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Open Access Highly Accessed Research article

Steiner tree methods for optimal sub-network identification: an empirical study

Afshin Sadeghi* and Holger Fröhlich

Author Affiliations

Bonn-Aachen International Center for IT, Rheinische Friedrich-Wilhelms Universitat Bonn, Dahlmannstr 2, 53113 Bonn, Germany

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BMC Bioinformatics 2013, 14:144  doi:10.1186/1471-2105-14-144

Published: 30 April 2013

Abstract

Background

Analysis and interpretation of biological networks is one of the primary goals of systems biology. In this context identification of sub-networks connecting sets of seed proteins or seed genes plays a crucial role. Given that no natural node and edge weighting scheme is available retrieval of a minimum size sub-graph leads to the classical Steiner tree problem, which is known to be NP-complete. Many approximate solutions have been published and theoretically analyzed in the computer science literature, but far less is known about their practical performance in the bioinformatics field.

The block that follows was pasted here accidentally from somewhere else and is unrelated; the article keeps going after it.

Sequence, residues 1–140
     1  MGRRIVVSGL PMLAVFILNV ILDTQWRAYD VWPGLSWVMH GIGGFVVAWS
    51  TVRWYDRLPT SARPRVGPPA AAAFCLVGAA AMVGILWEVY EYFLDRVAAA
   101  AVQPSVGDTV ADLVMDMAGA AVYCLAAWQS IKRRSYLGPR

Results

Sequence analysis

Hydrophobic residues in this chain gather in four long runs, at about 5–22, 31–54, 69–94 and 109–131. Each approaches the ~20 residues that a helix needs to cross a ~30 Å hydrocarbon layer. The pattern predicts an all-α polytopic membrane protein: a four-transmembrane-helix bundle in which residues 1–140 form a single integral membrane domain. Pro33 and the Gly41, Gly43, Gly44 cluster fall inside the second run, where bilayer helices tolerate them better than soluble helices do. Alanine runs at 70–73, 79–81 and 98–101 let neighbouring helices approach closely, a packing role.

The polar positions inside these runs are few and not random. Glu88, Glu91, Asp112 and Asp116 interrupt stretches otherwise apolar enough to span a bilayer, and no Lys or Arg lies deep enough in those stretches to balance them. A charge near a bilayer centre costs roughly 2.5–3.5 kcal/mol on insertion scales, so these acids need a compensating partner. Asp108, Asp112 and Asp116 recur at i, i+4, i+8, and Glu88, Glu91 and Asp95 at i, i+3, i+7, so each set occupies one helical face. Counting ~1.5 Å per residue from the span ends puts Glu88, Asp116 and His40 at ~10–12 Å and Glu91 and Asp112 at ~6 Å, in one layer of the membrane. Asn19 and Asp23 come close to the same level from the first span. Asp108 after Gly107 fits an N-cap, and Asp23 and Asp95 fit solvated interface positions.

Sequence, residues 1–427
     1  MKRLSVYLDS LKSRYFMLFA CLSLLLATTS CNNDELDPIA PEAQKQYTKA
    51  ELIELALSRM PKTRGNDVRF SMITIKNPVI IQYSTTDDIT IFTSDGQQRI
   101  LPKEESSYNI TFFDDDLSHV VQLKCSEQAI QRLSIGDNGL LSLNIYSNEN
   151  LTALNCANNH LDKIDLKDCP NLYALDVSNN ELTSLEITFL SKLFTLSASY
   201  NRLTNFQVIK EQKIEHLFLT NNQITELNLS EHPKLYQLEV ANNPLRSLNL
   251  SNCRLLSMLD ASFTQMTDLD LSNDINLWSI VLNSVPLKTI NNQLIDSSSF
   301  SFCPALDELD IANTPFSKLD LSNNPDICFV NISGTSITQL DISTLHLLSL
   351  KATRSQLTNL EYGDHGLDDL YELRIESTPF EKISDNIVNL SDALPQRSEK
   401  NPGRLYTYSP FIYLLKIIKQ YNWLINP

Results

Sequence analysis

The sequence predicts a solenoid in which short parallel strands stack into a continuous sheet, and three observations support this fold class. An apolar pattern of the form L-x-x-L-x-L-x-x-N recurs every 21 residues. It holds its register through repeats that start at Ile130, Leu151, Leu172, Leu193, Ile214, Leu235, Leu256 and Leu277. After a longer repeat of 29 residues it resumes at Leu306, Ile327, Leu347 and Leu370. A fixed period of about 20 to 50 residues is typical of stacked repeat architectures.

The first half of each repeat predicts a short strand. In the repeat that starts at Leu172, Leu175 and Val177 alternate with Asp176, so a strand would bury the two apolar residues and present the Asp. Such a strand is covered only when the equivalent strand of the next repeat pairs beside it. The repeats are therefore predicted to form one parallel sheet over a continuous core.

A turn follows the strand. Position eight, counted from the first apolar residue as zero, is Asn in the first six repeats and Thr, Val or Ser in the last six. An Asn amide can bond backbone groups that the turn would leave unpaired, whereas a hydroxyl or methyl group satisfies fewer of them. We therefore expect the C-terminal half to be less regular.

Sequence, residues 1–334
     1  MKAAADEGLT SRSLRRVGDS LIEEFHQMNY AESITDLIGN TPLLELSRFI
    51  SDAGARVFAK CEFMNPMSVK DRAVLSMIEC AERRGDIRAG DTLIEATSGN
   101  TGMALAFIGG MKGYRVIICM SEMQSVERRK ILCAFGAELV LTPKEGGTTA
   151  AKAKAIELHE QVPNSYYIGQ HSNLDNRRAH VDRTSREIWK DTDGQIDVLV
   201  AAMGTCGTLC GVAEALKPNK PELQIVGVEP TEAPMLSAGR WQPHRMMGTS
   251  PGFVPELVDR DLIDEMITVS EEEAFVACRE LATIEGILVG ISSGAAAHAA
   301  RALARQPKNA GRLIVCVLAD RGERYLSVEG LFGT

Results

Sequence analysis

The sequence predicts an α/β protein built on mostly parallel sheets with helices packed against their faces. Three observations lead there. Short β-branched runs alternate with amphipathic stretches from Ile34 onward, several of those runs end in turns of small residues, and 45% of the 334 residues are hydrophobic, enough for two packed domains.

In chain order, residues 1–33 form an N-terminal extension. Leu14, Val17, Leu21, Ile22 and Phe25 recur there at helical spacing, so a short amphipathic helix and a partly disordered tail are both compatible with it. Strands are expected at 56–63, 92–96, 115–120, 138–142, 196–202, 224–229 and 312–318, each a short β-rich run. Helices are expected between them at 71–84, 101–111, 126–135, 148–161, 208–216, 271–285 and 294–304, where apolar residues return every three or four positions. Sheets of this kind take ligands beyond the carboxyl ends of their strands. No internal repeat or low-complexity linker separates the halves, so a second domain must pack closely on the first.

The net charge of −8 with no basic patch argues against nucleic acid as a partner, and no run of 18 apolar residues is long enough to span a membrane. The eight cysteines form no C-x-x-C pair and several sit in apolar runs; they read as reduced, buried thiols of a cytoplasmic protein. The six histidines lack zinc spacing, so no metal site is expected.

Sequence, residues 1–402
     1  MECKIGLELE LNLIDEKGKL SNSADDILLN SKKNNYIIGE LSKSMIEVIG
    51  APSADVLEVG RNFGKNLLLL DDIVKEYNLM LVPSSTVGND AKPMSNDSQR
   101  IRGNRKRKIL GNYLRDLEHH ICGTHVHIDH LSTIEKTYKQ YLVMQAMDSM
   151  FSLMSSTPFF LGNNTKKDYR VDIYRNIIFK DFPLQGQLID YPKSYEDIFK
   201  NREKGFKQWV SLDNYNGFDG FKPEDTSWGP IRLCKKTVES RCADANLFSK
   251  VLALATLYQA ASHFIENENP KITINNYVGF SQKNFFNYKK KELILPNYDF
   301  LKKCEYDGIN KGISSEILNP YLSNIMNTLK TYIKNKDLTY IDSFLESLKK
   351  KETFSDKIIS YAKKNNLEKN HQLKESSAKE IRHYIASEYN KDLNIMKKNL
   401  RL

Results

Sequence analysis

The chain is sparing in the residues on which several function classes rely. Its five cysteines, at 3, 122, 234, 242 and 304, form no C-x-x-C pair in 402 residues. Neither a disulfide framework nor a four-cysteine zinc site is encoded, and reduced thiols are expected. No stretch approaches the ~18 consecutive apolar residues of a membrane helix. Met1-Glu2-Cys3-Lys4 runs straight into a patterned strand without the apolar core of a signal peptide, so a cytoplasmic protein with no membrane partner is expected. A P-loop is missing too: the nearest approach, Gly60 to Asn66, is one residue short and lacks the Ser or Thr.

Results

Here we conducted a systematic simulation study of four different approximate and one exact algorithms on a large human protein-protein interaction network with ~14,000 nodes and ~400,000 edges. Moreover, we devised an own algorithm to retrieve a sub-graph of merged Steiner trees. The application of our algorithms was demonstrated for two breast cancer signatures and a sub-network playing a role in male pattern baldness.

Conclusion

We found a modified version of the shortest paths based approximation algorithm by Takahashi and Matsuyama to lead to accurate solutions, while at the same time being several orders of magnitude faster than the exact approach. Our devised algorithm for merged Steiner trees, which is a further development of the Takahashi and Matsuyama algorithm, proved to be useful for small seed lists. All our implemented methods are available in the R-package SteinerNet on CRAN (http://www.r-project.org webcite) and as a supplement to this paper.